By Peter Egwuatu
The Chairman, Progressive Shareholders Association of Nigeria, PSAN, Mr. Boniface Okezie, in an interview with Financial Vanguard, spoke on the first quarter financial performance of banks quoted on the Nigerian Stock Exchange, NSE as well as activities of the regulatory bodies in the regulation of the banking sector, among others.
IN your view, how have the banks performed in the first quarter of 2017? Did they meet shareholders’ expectations?
Well, in my view, the results so far released by some of the banks show improved performance. The earnings of most banks whose results were released to the NSE went up, but their profits did not rise like their gross earnings, an indication that cost of operations affected the bottom line.
The banks are still battling with the high cost of doing business, it is my hope that when the economy starts to record growth and address some of the infrastructure challenges, coupled with the challenges from the regulatory bodies, we will begin to see better performance of banks.
In all, the banks met my short term expectations considering the operating environment circumstances, but in the long run I still want them to perform more so that they can pay higher dividend at the end of the year.
What are the regulatory challenges that the banks are facing?
One of the regulatory challenges that banks are facing has to do with penalties from the Central Bank of Nigeria, CBN and Nigerian Stock Exchange, NSE. The penalty fees is becoming too much. An offence cost the banks not less than N60 million and this is impacting negatively on shareholders’ return on investment.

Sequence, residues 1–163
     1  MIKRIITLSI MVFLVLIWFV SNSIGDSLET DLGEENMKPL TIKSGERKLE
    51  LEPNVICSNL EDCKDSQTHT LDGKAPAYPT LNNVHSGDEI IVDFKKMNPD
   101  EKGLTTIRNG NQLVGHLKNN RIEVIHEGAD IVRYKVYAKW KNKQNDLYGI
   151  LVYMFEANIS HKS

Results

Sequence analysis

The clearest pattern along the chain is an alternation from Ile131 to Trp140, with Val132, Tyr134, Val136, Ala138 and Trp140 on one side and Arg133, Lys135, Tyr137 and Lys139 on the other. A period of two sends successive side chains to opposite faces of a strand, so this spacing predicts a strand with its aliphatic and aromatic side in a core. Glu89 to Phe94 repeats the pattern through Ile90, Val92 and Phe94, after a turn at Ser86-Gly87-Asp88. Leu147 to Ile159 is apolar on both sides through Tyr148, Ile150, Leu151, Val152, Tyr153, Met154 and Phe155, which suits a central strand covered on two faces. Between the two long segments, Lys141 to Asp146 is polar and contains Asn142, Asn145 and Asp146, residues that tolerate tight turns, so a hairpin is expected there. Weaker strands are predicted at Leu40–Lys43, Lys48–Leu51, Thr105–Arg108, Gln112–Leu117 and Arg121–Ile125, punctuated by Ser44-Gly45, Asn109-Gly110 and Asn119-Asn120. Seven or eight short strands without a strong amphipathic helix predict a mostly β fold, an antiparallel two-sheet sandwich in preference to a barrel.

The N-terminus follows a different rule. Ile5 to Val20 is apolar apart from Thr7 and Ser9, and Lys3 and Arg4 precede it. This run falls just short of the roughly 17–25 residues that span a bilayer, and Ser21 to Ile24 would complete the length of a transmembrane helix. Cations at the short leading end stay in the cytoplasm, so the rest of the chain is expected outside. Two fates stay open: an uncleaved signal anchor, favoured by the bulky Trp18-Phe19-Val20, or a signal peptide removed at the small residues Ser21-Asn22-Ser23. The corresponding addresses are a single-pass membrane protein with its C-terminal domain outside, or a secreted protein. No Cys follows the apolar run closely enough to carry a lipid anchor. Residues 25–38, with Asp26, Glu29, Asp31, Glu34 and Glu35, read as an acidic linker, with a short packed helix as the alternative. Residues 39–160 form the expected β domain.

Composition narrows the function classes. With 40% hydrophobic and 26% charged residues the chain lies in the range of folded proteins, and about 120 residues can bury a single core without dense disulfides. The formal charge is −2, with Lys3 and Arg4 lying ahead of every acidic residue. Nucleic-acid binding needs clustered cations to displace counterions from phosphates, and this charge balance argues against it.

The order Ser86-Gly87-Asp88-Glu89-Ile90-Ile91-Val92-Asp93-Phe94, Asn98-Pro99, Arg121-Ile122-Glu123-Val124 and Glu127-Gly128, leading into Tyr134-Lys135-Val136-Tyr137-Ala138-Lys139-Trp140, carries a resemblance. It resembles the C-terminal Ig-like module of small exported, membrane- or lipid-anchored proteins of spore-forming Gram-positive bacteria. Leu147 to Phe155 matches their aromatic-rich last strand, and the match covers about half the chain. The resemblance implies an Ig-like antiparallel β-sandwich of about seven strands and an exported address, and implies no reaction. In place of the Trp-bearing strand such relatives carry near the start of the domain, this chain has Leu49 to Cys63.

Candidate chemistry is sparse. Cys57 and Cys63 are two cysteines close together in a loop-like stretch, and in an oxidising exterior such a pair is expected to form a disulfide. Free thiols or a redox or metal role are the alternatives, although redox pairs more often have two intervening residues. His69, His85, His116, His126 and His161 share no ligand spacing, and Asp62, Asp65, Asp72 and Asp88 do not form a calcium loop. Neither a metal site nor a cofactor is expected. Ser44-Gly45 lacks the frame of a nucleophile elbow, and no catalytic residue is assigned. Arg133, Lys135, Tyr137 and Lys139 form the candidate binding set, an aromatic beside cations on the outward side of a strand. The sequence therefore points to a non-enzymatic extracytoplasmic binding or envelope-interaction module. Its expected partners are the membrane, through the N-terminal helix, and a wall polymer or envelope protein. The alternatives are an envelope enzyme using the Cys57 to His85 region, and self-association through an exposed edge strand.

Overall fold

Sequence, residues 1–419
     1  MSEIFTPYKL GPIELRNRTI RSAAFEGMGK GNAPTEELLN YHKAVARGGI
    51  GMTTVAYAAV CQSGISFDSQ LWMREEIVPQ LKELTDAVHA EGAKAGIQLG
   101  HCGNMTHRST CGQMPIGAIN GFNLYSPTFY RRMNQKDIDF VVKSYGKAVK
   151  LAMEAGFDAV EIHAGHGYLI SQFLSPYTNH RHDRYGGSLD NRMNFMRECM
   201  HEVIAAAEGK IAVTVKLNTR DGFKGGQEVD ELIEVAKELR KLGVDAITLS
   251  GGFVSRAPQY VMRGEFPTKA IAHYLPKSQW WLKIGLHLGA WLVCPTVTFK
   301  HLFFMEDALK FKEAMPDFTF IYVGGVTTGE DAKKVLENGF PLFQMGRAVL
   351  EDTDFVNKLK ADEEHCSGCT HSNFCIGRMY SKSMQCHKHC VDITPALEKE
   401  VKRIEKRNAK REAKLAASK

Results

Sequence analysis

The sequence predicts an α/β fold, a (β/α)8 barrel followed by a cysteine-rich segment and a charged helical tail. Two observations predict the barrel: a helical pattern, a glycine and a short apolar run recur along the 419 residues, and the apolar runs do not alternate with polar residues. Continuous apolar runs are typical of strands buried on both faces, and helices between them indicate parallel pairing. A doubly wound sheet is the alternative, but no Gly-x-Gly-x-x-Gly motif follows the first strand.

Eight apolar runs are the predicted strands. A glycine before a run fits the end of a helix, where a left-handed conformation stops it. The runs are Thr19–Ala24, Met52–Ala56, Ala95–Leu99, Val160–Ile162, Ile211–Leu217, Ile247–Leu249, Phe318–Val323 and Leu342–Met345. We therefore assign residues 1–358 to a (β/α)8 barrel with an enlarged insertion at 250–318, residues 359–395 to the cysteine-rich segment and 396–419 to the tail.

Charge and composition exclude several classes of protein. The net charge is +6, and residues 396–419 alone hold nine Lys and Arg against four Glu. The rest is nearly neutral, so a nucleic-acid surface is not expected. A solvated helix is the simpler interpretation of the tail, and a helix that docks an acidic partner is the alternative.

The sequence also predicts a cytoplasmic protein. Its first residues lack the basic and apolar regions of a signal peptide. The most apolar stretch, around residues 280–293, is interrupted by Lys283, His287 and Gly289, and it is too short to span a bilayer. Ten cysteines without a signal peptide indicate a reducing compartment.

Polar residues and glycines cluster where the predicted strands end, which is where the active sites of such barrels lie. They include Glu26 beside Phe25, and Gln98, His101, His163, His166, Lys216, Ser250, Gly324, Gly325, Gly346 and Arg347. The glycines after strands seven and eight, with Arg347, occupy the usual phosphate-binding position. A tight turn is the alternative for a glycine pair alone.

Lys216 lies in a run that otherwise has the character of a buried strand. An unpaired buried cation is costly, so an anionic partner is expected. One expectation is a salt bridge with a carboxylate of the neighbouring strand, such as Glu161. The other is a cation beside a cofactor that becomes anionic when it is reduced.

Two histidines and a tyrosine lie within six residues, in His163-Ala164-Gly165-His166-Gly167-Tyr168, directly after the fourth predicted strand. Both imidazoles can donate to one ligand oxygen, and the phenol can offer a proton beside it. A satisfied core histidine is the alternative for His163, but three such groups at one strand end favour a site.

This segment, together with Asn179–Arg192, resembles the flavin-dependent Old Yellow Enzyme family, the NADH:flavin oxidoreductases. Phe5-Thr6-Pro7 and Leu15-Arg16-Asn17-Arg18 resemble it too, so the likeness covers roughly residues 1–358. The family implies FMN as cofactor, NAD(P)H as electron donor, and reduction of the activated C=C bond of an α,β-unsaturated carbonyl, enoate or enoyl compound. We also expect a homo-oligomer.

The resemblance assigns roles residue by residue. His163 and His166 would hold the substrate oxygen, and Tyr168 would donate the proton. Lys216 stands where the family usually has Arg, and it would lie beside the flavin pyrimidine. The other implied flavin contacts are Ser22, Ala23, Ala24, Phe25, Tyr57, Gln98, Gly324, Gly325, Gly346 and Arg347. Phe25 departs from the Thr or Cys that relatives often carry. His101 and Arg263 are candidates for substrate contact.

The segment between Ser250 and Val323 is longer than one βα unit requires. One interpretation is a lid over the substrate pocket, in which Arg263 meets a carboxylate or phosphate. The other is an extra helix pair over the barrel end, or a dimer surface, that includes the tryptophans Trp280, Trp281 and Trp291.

What could have been added to pay us as dividend is given away to regulators for committing one offence or the other.
So, I appeal to these regulators to reduce the charges for these offences and encourage the banks by churning out good policies that will help engender the growth of the banking sector.
What is your position on the directive from the CBN that banks should keep five per cent of their profit for Export Fund?
You can see what I said earlier about regulatory challenges been faced by banks. The banks fund Asset Management Corporation of Nigeria, AMCON. Now, the CBN has directed that banks should set aside another of their five per cent from their operating profit to finance Nigerian export businesses or businesses with import substitution capabilities. What is the responsibility of the Export Promotion Council? This Council has budgetary allocation from the Federal Government to promote the export sector.
The CBN just keep tasking the banks at the detriment of the owners. The same banks pay tax to the government. The banks should be allowed to use their initiative to fund the export sector.
The banks are set up to make profit, so they should be allowed to perform their intermediary role. We shareholders are tired of these pools of funds being initiated by the government.
The banks at the Bankers’ Committee meeting should communicate our feelings to the apex banks.